Bookmarks (Better than Business Cards for Authors)

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I ordered bookmarks from Overnight Prints and I’m very pleased with the results.

  • The images and text printed wonderfully (be sure to use 300 DPI).
  • I’m pleased with the quality of the cardstock.
  • The 2″ x 6″ size works for me.
  • I ordered double-sided bookmarks with rounded corners.

There are many sites that print bookmarks. I appreciated that Overnight Prints specifically mentioned bookmarks on the site (i.e. I didn’t have to choose a custom product to create something that was shaped and sized like a bookmark).

I may have supported Amazon by ordering bookmarks from CreateSpace, but CreateSpace would only create bookmarks for the book, more or less following some template; they wouldn’t allow me to create a bookmark for a series of books, for example. I wanted the freedom of design for my bookmarks.

The design for my bookmarks was created by artist Melissa Stevens (she also made my covers and website banner).

In addition, I ordered some business cards and magnets.

I’ll be using the bookmarks much more than anything else.

A bookmark is basically a business card that will actually be used.

Do you know anyone with a drawer full of business cards? Or who throws business cards away? Sure, a business card fits in a wallet, but if you receive dozens of business cards, you’re not going to have every one of those in your wallet (along with your id, credit cards, photos, and cash).

Readers use bookmarks. The ‘trick’ is to create a bookmark that doesn’t look like an advertisement. It needs to appeal aesthetically so that it actually gets used.

Now when that person finishes the current book, what will he or she do? Answer: Ask, “What should I read next?” And the answer is right before his or her eyes! Hey, maybe I’ll check out the book from this bookmark.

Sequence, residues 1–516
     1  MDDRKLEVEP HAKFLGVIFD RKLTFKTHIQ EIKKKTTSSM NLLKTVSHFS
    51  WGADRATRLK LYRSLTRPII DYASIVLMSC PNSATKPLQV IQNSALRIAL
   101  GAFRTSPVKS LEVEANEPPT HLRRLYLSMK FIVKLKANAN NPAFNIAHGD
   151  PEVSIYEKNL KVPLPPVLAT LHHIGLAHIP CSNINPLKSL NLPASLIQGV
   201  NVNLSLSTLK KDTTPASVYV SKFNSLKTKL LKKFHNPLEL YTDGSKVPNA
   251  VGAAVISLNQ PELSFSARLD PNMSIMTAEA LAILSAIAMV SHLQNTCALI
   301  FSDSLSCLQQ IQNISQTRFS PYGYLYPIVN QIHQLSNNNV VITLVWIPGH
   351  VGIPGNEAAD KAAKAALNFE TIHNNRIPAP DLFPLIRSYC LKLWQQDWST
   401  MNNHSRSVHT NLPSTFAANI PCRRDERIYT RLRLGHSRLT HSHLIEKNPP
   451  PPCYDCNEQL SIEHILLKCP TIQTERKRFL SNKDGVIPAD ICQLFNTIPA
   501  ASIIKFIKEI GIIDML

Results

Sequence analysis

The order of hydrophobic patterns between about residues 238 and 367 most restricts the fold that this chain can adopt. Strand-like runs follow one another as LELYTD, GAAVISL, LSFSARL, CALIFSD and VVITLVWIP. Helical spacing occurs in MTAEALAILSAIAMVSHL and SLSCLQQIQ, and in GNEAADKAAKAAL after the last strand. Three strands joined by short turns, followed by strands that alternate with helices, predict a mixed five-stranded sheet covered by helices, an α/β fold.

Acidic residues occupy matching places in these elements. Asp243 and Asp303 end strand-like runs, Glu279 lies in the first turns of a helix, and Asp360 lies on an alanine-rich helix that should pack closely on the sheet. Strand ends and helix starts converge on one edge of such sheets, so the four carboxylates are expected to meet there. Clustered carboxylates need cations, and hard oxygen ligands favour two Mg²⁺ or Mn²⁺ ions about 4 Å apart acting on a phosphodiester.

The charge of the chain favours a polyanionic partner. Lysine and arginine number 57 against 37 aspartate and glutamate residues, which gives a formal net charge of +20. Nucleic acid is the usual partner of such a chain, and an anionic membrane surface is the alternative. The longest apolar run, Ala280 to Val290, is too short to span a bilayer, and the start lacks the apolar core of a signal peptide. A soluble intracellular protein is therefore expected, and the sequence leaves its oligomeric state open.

Don’t just stick them on windshields or pass them out at the mall. You want your target audience to find your bookmarks.

(Okay, so I know a zombie author who ‘accidentally’ left some bookmarks in popular novels like hers on a shelf in a store. I might add that this author has sold a LOT of books.)

When you interact with people in your target audience, include bookmarks. I suppose that you could even include one in books you give away through contests.

Anytime you’d be inclined to hand out a business card, consider a bookmark instead.

I’m not saying business cards are useless. I did order some of these, too, and I will use them.

When I ordered my business cards, there was an option to also order magnets of the same size. I have one sitting on my refrigerator presently.

The magnets were slightly curled upon arrival, but that seems to be natural (maybe they don’t like Louisiana heat and humidity). It’s easy to fix by adhering them to the refrigerator for a while (and since that’s likely how they’ll be used, it doesn’t matter much that they’re curled).

The magnets are somewhat more expensive and may not be as useful and effective as bookmarks, but they’re still cool to have… and I’m sure I can find people who appreciate having them.

(Despite the name “overnight,” when you place an order, you receive a variety of shipping options—the slower ones save you money.)

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Chris McMullen

Copyright © 2014 Chris McMullen, Author of A Detailed Guide to Self-Publishing with Amazon and Other Online Booksellers

  • Volume 1 on formatting and publishing